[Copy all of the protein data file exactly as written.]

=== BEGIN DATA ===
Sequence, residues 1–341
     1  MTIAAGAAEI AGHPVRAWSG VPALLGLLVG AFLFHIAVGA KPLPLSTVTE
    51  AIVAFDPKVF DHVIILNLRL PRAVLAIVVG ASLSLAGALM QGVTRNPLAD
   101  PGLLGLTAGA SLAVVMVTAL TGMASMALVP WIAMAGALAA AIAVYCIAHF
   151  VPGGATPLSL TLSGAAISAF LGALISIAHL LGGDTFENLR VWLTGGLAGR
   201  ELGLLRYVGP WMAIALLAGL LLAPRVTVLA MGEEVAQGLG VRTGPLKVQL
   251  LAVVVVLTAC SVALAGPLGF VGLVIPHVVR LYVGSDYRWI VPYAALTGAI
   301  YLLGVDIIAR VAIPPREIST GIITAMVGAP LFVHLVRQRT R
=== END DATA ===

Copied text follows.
Sequence, residues 1–341
     1  MTIAAGAAEI AGHPVRAWSG VPALLGLLVG AFLFHIAVGA KPLPLSTVTE
    51  AIVAFDPKVF DHVIILNLRL PRAVLAIVVG ASLSLAGALM QGVTRNPLAD
   101  PGLLGLTAGA SLAVVMVTAL TGMASMALVP WIAMAGALAA AIAVYCIAHF
   151  VPGGATPLSL TLSGAAISAF LGALISIAHL LGGDTFENLR VWLTGGLAGR
   201  ELGLLRYVGP WMAIALLAGL LLAPRVTVLA MGEEVAQGLG VRTGPLKVQL
   251  LAVVVVLTAC SVALAGPLGF VGLVIPHVVR LYVGSDYRWI VPYAALTGAI
   301  YLLGVDIIAR VAIPPREIST GIITAMVGAP LFVHLVRQRT R